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Dear Editor,
Hillary Clinton referred to anyone who was for now President Trump as "Deplorables".
Medicare has declared war on those of us who are over 75 and refer to us as "Expendables"!
At least that is certainly how it seems.
I've heard more and more seniors complain that once they were over 75 Medicare started denying them whatever treatment or medications they needed.
Medicare denies a lot of pain medications to the elderly because they "could become addicted"!
You've seen letters to the newspapers about it lately. You've read about several people who committed suicide because they were in so much pain from failed back surgeries, bone diseases, numerous injuries (including our vets of any age) and were denied the pain medications ordered by their doctors. True, some medications are addictive, however, if you are 75 -80 years old and need one or two pain pills a day/night to keep the pain at a tolerable level isn't it more humane to give you the medication rather than keep you in such pain that you can't live with it?
I have a friend who has COPD (very difficult breathing problem) plus Congestive Heart Failure. This friend was denied the oxygen ordered by her physician by "trained human robots" at Medicare. They are not doctors or nurses.
They have no medical training or background. They are taught to delay and deny any and all treatments and medications they possibly can to anyone 75 years old or older. It's as if the elderly are not human and can't feel pain, or worse yet, are undeserving of pain relief, needed medical procedures that could ease the pain or save their lives (they have outlived their usefulness) or should not have the oxygen needed to keep them breathing! They are Medicare employees they are not GOD! How DARE they decide who lives or who dies in agony?
Another friend has a failed back surgery. This person gets pain relief from injections into her back by a Pain Management doctor. She had one injection in September and now, six months later, needs another one. Going six months with pain reduced to a tolerable level made it possible to live an "almost normal" life. Now Medicare has denied the doctor's request for another injection saying this person must try physical therapy before being allowed another injection.
Is two injections a year too much to be able to live at a tolerable pain level? Worse yet, she had physical therapy last year, which Medicare paid for, and it didn't work well enough or long enough, therefore, causing the need for the first injection. Medicare, in their great wisdom, would rather pay for another round of physical therapy, which is already proven not to work, rather than to pay for an injection which is proven to work for this patient!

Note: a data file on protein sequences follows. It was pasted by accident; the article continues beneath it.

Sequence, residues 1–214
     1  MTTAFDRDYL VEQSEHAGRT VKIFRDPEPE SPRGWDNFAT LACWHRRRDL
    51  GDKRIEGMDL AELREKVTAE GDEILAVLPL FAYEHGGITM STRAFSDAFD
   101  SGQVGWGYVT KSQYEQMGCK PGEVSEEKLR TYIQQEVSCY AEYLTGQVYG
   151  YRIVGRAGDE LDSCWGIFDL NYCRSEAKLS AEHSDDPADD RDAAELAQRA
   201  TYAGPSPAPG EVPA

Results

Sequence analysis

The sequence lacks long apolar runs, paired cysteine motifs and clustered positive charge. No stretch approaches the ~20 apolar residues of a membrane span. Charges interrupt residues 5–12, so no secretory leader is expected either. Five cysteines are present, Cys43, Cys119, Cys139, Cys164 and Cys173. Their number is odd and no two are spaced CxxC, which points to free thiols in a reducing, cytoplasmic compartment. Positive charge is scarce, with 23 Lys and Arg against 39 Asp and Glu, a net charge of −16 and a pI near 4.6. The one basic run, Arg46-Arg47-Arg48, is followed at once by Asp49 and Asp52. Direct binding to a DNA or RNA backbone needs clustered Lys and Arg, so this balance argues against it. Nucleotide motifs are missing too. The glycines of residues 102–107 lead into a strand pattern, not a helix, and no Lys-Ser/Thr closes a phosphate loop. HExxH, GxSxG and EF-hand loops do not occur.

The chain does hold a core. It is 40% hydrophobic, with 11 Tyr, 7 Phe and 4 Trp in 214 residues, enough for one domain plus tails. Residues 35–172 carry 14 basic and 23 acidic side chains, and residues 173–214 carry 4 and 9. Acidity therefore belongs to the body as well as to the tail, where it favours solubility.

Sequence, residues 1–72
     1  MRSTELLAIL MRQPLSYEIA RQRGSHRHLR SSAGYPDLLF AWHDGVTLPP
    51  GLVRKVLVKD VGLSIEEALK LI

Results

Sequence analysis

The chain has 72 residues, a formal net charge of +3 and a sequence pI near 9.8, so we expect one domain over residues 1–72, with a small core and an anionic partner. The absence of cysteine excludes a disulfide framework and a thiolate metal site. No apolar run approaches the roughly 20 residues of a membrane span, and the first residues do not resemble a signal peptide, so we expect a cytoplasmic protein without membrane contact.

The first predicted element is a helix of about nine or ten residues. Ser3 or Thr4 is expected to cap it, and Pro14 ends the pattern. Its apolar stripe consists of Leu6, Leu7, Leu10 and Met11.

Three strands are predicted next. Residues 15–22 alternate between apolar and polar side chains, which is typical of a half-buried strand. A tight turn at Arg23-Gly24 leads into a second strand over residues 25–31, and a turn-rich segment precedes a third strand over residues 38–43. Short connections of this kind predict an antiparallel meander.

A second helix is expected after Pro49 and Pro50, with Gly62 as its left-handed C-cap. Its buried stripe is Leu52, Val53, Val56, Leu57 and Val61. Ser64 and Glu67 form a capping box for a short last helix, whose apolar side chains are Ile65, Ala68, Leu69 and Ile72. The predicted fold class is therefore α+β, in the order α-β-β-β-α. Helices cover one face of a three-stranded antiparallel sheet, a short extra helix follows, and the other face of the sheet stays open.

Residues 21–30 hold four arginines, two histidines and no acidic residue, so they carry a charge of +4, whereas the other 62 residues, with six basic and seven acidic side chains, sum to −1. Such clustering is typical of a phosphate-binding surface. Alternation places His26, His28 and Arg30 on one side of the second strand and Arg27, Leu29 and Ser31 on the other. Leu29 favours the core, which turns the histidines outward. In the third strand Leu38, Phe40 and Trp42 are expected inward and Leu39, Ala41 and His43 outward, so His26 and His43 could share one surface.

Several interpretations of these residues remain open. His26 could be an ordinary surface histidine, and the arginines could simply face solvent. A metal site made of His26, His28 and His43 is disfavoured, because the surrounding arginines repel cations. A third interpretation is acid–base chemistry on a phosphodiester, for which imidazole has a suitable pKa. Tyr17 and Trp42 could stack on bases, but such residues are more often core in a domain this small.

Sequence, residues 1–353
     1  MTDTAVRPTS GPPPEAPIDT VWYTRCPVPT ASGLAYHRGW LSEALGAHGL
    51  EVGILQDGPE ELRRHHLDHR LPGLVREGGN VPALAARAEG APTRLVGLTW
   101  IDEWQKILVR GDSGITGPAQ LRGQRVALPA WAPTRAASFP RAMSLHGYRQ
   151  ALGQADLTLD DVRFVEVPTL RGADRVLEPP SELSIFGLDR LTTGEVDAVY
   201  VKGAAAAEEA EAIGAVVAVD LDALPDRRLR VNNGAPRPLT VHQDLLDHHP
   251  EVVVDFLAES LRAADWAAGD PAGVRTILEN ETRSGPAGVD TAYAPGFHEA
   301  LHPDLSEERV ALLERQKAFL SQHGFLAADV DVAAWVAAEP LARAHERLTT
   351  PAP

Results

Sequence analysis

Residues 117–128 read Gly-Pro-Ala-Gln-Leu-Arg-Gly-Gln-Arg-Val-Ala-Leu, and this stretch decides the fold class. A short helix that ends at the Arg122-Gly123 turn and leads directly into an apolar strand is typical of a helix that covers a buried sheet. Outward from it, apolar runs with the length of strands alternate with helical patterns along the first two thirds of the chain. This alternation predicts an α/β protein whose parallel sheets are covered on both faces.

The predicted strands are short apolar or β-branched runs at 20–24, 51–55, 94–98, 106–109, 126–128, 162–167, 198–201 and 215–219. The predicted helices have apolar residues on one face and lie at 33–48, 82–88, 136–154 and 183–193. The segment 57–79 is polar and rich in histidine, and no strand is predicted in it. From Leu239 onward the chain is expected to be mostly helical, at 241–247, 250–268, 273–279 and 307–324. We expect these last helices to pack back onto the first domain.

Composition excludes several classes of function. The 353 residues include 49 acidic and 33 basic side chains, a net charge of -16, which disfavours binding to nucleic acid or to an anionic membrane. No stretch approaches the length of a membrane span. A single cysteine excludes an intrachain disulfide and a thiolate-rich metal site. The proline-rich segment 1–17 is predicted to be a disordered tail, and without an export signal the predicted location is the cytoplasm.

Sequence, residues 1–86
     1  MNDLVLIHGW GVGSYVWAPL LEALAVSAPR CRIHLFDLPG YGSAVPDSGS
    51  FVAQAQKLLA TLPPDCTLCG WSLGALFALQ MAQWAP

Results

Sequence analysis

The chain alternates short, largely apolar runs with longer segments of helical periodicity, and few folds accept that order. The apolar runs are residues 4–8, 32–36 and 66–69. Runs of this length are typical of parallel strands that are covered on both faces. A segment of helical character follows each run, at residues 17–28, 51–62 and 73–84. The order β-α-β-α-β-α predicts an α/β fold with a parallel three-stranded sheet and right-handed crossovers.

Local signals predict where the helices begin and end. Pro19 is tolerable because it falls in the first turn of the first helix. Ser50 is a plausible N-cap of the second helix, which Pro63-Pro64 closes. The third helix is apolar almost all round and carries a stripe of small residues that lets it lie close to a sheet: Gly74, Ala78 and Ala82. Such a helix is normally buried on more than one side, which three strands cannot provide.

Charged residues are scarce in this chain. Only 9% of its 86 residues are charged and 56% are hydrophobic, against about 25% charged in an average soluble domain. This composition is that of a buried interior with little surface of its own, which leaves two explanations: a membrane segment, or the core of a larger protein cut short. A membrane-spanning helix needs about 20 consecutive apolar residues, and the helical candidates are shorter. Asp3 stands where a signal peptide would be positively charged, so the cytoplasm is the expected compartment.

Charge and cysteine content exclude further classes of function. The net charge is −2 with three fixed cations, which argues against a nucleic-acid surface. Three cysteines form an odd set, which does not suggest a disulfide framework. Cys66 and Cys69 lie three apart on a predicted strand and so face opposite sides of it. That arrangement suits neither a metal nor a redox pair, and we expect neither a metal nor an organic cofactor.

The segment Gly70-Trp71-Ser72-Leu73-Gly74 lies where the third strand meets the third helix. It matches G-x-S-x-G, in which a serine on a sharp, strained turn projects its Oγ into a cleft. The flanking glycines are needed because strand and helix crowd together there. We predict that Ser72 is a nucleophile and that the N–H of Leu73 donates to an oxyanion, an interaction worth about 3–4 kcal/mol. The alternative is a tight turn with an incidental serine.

There are a lot of us over 75 "Expendables" out there. WE ALL need to contact our state representatives and senators and ask them to plead with Dr. Price, the new Secretary of Health and Human Services, and let him know what is happening under the current management  (actually mismanagement) of Medicare. If we are Expendable now what will the people running Medicare be in the future? Oh, I forgot, they have Government Health coverage and don't have to worry about Medicare!
Sandee Samoska
Kingman

Pfrimmer
Biunno
Biunno

BULLHEAD CITY – Authorities report three arrests in the February 20 slaying of a bicyclist in Bullhead City. 33-year old Juan Pedro Flores, Bullhead City, was found dead at the scene of the altercation at 5:00 p.m. in the 500 block of Riviera Boulevard.

Bullhead City Police Spokeswoman Emily Fromelt said were investigating witness accounts of the altercation that erupted in gunfire and ended with suspects piling into an older model Honda Civic before speeding away from the crime scene. Fromelt said an anonymous tip on February 22 identified the shooter as Jake Patrick Biunno, 21, Fort Mohave.

Fromelt said the tip led to the arrests of Biunno for first degree murder as well as Biunno's girlfriend, Amber Monique Torrez, 22, Fort Mohave and Christopher James Pfrimmer, 22, Fort Mohave. She said Torrez and Pfrimmer are charged with hindering prosecution.